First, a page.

Residents in the city's four public housing sites for the elderly aired grievances over new temperature restrictions in their apartments, but housing officials promised to work to make sure they're comfortable.
If residents are cold because their thermostats aren't working properly they should notify maintenance immediately. Whoever responds to the work order will stay until he gets the temperature up to 75 degrees, said Chattanooga Housing Authority Executive Director Betsy McCright.
She was one of several CHA officials who attended a Boynton resident council meeting this week to listen to residents' concerns about the thermostat controls the housing authority installed to save $100,000 a year. CHA officials have said the savings will be used for repairs and equipment replacements.
The thermostats are set so rooms will be no warmer than 75 degrees in the winter and no cooler than 70 degrees in the summer. By spring the contractor, Honeywell, is supposed to have placed the thermostats in nine of the housing authority's 16 public housing sites.
But residents such as Joe Clark, vice president of the Boynton Terrace Apartments residents council, said CHA should have focused on insulating the apartments first.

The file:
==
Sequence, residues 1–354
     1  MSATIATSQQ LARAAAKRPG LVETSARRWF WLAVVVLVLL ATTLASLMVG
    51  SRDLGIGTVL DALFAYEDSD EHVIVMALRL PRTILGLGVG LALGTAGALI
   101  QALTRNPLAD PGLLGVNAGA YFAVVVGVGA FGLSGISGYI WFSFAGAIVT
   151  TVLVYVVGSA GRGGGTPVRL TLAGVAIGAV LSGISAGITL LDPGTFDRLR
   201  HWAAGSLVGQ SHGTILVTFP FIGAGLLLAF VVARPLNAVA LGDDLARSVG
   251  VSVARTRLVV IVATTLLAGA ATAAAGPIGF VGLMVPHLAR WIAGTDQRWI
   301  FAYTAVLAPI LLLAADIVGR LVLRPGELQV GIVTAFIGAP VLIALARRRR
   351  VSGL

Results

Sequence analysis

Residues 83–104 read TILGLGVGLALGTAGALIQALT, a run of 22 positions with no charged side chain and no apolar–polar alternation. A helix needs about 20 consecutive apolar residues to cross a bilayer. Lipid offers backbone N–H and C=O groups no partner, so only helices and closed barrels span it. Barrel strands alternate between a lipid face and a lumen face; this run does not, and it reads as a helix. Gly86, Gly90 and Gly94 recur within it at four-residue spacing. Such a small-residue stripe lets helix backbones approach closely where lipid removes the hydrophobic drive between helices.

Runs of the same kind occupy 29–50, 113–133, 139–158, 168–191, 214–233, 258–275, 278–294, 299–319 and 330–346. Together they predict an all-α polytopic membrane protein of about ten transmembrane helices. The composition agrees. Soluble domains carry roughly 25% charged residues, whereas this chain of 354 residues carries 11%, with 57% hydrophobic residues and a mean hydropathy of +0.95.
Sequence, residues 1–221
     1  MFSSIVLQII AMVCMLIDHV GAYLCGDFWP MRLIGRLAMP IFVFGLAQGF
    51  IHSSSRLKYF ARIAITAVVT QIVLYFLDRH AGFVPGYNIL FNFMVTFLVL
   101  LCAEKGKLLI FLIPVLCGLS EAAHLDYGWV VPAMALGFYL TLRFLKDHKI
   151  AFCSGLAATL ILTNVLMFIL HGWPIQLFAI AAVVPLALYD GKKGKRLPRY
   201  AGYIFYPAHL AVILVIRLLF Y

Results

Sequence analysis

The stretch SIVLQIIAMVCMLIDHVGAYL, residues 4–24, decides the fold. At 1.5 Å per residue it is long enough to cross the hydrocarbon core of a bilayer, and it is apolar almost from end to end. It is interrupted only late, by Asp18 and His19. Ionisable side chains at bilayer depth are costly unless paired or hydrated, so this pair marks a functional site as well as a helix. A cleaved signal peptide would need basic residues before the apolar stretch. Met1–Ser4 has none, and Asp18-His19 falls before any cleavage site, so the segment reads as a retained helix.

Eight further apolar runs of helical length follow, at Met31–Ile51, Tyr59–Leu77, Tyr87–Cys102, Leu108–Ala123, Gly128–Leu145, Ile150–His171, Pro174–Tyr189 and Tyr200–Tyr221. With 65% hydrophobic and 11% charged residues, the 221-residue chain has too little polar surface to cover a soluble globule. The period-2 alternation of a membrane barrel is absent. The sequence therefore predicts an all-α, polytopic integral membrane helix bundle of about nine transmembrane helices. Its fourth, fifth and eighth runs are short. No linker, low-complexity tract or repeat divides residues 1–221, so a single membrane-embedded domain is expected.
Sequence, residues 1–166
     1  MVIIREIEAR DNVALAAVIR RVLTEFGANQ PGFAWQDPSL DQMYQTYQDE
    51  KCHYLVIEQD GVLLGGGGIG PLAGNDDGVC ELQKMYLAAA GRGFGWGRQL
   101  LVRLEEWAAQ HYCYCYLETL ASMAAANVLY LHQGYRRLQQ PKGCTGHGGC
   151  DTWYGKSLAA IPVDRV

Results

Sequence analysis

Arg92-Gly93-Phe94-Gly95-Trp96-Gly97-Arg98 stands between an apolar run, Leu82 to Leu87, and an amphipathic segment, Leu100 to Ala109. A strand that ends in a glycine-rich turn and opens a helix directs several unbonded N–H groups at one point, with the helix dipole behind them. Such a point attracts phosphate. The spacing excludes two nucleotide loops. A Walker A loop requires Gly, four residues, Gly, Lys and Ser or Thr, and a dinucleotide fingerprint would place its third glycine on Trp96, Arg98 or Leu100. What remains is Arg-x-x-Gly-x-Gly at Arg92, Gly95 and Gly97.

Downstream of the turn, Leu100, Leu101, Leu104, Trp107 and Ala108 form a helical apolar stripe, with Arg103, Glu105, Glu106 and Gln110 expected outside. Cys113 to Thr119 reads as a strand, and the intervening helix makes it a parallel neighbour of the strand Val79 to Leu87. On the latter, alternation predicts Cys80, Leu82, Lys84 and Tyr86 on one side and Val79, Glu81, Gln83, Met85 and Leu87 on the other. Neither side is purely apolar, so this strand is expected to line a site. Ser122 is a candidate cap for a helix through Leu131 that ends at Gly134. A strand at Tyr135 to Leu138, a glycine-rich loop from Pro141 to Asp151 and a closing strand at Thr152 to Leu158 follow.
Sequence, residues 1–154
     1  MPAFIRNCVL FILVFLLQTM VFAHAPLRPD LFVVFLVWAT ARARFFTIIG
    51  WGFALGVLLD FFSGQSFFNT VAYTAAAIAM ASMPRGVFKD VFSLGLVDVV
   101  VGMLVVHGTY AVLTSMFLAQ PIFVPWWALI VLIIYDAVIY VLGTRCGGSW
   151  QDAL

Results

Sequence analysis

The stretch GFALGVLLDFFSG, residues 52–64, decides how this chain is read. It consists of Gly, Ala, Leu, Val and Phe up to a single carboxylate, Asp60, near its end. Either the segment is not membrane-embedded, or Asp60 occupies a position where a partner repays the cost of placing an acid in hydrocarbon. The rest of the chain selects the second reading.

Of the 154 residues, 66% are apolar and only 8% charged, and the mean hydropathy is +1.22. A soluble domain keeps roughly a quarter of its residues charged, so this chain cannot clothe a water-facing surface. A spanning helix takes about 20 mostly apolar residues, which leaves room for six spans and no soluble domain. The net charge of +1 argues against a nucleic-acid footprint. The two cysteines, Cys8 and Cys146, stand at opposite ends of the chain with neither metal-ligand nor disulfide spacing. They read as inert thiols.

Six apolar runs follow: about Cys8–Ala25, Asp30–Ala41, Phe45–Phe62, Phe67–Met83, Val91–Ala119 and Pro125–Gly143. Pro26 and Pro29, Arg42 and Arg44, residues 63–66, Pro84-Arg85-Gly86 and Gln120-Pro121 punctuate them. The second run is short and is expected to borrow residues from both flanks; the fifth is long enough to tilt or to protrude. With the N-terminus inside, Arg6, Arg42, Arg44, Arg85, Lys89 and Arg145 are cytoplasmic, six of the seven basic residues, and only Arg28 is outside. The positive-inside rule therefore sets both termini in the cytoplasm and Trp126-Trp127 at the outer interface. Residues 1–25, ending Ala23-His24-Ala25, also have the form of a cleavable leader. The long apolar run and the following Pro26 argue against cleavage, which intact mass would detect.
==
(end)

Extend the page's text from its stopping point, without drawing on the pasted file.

The apartments that reach 75 degrees can't hold the temperature long because of the air coming in from around the windows and under the door, said Clark. He said some heating units are cycling off and on every 10 to 20 minutes because temperatures fall so fast.
Other residents said their apartments never get as warm as 75 degrees when it's really cold outside. On the coldest nights it feels more like 50 in some units, said Boynton Terrace council President Bennie Haynes. He said he put a thermometer in the hallway one night and it read between 40 and 50 degrees.
Karl Kendrick said his cold Gateway Towers apartment is making him sick.
"I just went to the doctor Thursday. I was classified with pneumonia," the 67-year-old said.
Step outside, said 60-year-old Janice Stanley, and that's the way it feels in her apartment. The thermostat may say 75 on the wall but it is not 75 in the rooms, Stanley said as the audience applauded.
One woman admitted using her oven to warm her apartment. Another, 75-year-old Bertha Suttles, challenged CHA officials to spend the night in the building for a week to get a firsthand experience of the cold rooms.
Edna Varner was the only CHA board member to attend the meeting. She assured residents that nobody wanted them to be cold or to suffer.
She said she wears jackets, sweaters and extra socks in her home because she had to turn down the thermostat when her bill hit $900.
She encouraged residents to turn in work orders when their rooms were too cold so there would be a record of their complaints and maintenance staffers could fix them.
Mike Sabin, CHA's director of low income housing, said residents with medical concerns like Kendrick's or with any other disability can be accommodated if they make it known that they need help.
Varner said she and other housing officials would attend the next meeting scheduled resident meeting on March 10 at 4 p.m. to hear an update. Clark said Boynton residents council board members will meet at 4 p.m. March 3 to set the agenda.
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